NVIDIA GeForce GT 555M "A"
96 CUDA Cores, 16 TMUs, 4 ROPs, Core Clock: 753MHz, Shader Clocks: 1506MHz
128-bit Memory Bus, GDDR5, Effective Memory Clocks: 3138MHz
Desktop Counterpart: GeForce GT 440 GDDR5 (GF108)

And this is where NVIDIA's mobile lineup completely loses its mind. The GeForce GT 555M is actually two completely different chips and configurations; the "A" and "B" are our designation. Our "A" configuration is essentially just a souped-up version of the GT 525M/540M/550M, with a higher core clock and the benefit of GDDR5. While NVIDIA lists both versions on their site (though lacking an explanation as to why this split was made), a glance at NewEgg suggests this "A" version is the more common of the two (powering MSI and Lenovo laptops while the "B" version resides almost exclusively in an Alienware.) You can recognize the "A" version by the use of GDDR5, but since it and the "B" version are so bizarrely matched we can't really tell definitively which one would be the faster of the two. (No review available.)

NVIDIA GeForce GT 555M "B"
144 CUDA Cores, 24 TMUs, 24 ROPs, Core Clocks: 590MHz, Shader Clocks: 1180MHz
192-bit Memory Bus, DDR3, Effective Memory Clocks: 1.8GHz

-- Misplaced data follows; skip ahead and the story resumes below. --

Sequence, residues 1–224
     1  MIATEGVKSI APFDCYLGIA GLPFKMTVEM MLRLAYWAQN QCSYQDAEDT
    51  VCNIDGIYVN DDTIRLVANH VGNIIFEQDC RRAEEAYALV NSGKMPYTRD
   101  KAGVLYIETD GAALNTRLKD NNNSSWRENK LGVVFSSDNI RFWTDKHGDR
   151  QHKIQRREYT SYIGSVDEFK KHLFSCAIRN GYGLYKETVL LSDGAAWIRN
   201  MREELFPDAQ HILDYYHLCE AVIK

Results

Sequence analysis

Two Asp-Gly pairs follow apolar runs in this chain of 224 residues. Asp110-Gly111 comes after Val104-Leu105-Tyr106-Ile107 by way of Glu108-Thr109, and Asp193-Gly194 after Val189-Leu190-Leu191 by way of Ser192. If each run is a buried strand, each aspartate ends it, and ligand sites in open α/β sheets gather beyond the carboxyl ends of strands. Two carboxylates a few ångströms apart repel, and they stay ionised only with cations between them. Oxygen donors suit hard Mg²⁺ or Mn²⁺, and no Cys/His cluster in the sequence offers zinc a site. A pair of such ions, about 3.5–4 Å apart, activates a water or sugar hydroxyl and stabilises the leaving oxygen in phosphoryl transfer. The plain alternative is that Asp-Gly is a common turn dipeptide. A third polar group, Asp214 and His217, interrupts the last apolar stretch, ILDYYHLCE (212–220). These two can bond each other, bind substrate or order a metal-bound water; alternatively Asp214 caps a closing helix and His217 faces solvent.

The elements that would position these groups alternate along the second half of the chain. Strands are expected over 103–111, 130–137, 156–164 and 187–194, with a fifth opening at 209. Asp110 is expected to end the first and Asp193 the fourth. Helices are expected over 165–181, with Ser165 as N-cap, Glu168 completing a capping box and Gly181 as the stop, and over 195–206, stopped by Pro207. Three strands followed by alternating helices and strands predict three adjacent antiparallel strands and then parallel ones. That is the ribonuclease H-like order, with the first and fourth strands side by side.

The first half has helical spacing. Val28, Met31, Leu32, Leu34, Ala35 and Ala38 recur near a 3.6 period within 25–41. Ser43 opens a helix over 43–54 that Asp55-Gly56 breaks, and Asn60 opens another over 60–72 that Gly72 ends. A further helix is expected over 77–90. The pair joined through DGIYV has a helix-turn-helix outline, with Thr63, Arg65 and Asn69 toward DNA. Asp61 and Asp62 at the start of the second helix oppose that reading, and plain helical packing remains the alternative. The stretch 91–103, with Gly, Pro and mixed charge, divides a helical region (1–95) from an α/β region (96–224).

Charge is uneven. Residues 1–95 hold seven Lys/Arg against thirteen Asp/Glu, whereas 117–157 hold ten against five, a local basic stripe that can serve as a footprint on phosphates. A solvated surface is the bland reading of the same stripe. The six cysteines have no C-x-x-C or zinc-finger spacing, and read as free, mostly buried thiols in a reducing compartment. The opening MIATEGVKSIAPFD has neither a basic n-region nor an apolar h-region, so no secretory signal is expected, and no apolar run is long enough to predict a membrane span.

Desktop Counterpart: None (GF106)

The other configuration of the GT 555M is a substantially beefier chip with six times the ROPs, but it operates at lower clocks and lower memory bandwidth due to the use of DDR3 instead of GDDR5. It's essentially a die-harvested version of GF106, and is identifiable by both the use of DDR3 and memory configurations of either 1.5GB of 3GB. It remains inexplicable why NVIDIA decided to use two completely different chips for the GT 555M, but hopefully this makes it a little easier to tell which is which. Raw calculations of pixel and texture fillrate suggest this "B" configuration to be the faster of the two, and as such it's probably the one to look for. Thus far we've only seen it in the Alienware M14x. (No review available.)

192 CUDA Cores, 32 TMUs, 24 ROPs, Core Clocks: 775MHz, Shader Clock: 1550MHz
192-bit Memory Bus, GDDR5, Effective Memory Clock: 2.5GHz
Desktop Counterpart: GeForce GTX 550 Ti (GF116)

Admittedly with these clock speeds the GTX 560M probably performs roughly on par with the closely related GeForce GTS 450 (with the only major deficit being memory bandwidth) as opposed to the faster GTX 550 Ti, but it's still a force to be reckoned with in the mobile arena. The GTS 450 slotted in roughly between the desktop HD 5750 and 5770, while the GTX 460M traded blows with the Mobility Radeon HD 5850 and 5870. The extra 100MHz on the core in the 560M is bound to go a long way, and while we hope to get review hardware in soon, it's reasonable to assume it's at least competitive with the 6850M and 6870M if not outright faster. NVIDIA has scored several design wins with the GTX 560M, and it should really be the entry level for the serious mobile gamer, offering a strong balance between thermals and gaming performance. (Will be faster than the previous generation GeForce GTX 460M in our 460M-centric gaming notebook face-off.)

336 CUDA Cores, 56 TMUs, 32 ROPs, Core Clock: 535MHz, Shader Clock: 1070MHz
192-bit Memory Bus, GDDR5, Effective Memory Clock: 3GHz
Desktop Counterpart: GeForce GTX 560 (GF114)